He currently sits at number 14 out of 194 on the American Kennel Club’s list of America’s favorite dogs!
But what about the Saint Bernard?
History of the Saint Bernard
The Saint Bernard has a heroic history that, according to the AKC, begins in 1050.
Created over hundreds of years by monks to patrol the harsh and icy terrain of the Alps, the Saint Bernard’s job was to rescue fallen travelers.
The Saint Bernard is named after the Monk Bernard of Menthon who originally founded the sanatorium for ailing pilgrims on their way to Rome, which the Saint Bernard helped to save.
Brave, strong, and friendly, the Saint Bernard was excellent at finding and rescuing lost pilgrims who had fallen victim to avalanches and deep snow drifts.
Today, the Saint Bernard is still used in rescue efforts, but he is also a beloved family pet.
He ranks in at number 49 out of 194 on the AKC’s list of America’s most popular dog breeds.
Keep reading to learn whether the crossbreed is brave and heoric, too.
What Is the Temperament of the Great Dane St Bernard Mix?
Since the Great Dane and Saint Bernard mix is a crossbreed, determining his exact temperament is a bit challenging.
You see, when it comes to crossbreeds, you are rolling the dice on things like temperament, health, and physical appearance.
This is because you could get a mix of either parent in your hybrid dog, or your mix could favor one parent genetically over the other.
When it comes to the Great Dane St Bernard Mix, his temperamental traits will be left up to genetics.
Let’s check out the temperamental traits of the Great Dane and the St Bernard so you can get an idea of what type of personality traits your Great Dane St Bernard Mix could inherit.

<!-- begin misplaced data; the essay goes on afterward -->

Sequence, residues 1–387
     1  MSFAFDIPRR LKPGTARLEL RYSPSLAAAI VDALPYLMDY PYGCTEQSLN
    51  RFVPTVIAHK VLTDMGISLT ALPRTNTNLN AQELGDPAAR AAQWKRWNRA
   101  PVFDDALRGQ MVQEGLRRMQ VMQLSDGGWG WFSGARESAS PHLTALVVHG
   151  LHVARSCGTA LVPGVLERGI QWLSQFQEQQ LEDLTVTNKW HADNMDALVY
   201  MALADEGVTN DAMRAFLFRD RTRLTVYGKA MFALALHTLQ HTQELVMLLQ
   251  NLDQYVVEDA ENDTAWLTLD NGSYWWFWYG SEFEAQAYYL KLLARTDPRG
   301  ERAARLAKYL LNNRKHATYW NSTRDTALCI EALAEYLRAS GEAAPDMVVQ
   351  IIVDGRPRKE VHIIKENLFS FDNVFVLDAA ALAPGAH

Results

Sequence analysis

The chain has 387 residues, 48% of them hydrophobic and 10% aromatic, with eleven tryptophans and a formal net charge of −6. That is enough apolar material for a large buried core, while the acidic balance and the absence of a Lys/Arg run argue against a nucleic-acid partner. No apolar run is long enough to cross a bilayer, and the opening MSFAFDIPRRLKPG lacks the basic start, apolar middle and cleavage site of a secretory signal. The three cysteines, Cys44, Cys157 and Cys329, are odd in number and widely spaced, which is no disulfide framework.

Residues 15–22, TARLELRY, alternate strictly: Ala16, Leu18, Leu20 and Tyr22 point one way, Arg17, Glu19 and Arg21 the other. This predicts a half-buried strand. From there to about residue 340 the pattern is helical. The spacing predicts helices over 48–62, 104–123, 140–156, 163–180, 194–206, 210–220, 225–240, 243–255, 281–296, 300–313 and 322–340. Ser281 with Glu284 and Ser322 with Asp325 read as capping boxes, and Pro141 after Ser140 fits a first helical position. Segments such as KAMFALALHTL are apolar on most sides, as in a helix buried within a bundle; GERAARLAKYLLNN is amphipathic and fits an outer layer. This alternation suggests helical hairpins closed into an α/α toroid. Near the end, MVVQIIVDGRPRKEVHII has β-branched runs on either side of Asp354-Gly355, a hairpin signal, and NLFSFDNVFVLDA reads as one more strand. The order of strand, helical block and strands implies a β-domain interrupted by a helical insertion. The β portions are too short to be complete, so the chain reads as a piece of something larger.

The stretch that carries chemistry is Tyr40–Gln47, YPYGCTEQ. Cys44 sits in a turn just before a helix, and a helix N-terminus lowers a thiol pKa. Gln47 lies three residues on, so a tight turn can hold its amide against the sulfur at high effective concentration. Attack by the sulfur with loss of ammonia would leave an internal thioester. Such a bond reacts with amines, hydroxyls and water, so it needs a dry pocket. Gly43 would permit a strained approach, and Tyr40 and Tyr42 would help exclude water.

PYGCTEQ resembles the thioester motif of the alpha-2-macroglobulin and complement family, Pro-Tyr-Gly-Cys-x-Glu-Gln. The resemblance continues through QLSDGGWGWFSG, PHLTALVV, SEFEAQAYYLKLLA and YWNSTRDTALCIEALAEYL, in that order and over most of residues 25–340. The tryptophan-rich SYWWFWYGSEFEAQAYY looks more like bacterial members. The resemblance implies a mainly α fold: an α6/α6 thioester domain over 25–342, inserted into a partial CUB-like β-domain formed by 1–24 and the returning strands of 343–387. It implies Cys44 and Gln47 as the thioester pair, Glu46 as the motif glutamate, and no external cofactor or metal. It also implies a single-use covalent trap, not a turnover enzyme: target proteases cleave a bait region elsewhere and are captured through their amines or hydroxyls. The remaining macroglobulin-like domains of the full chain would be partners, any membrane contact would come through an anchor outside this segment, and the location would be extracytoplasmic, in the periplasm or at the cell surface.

Temperament of the Great Dane
Despite his massive size, many Great Dane enthusiasts agree that this breed is great with children and families, and even gets along well with other household pets.
A patient and relaxed breed, the Great Dane needs a surprising amount of exercise to stay healthy.
He is also a sniffer and loves to follow scents.
For this reason, the AKC recommends he is always kept on a leash whenever he is taken outside of the home.
Because of his size, the Great Dane would be best suited for families who enjoy big dogs and for owners who are used to larger canines and know what they entail.
Of course, all dogs should have early socialization and obedience training beginning in puppyhood in order to ensure they grow up into healthy, happy, well-rounded adults, and the Great Dane is no exception!
Now, let’s learn about the temperament of the St Bernard.
Temperament of the St Bernard
Like his Great Dane counterpart, the St Bernard is family friendly and bonds closely with his people.
He enjoys children of all ages.
However, families with very young children should be aware that the Saint Bernard could accidentally knock into younger children due to his massive size and sheer strength.
Still, this is a breed who loves his family and bonds strongly with them.
He enjoys tagging along on family adventures, including camping, hiking, and more!
However, a prospective owner should keep in mind that this is a messy breed who tends to drool, shed, and track mud and dirt wherever he goes.
This is a dog’s dog and can be a lot of dog for the novice dog owner.
Of course, as we mentioned above, all dogs should undergo early socialization and obedience training beginning in puppyhood.
Great Dane St Bernard Physical Appearance
Remember, the Great Dane and Saint Bernard crossbreed is a mix between two purebred parents.
For this reason, his appearance and defining characteristics are going to be left up to chance.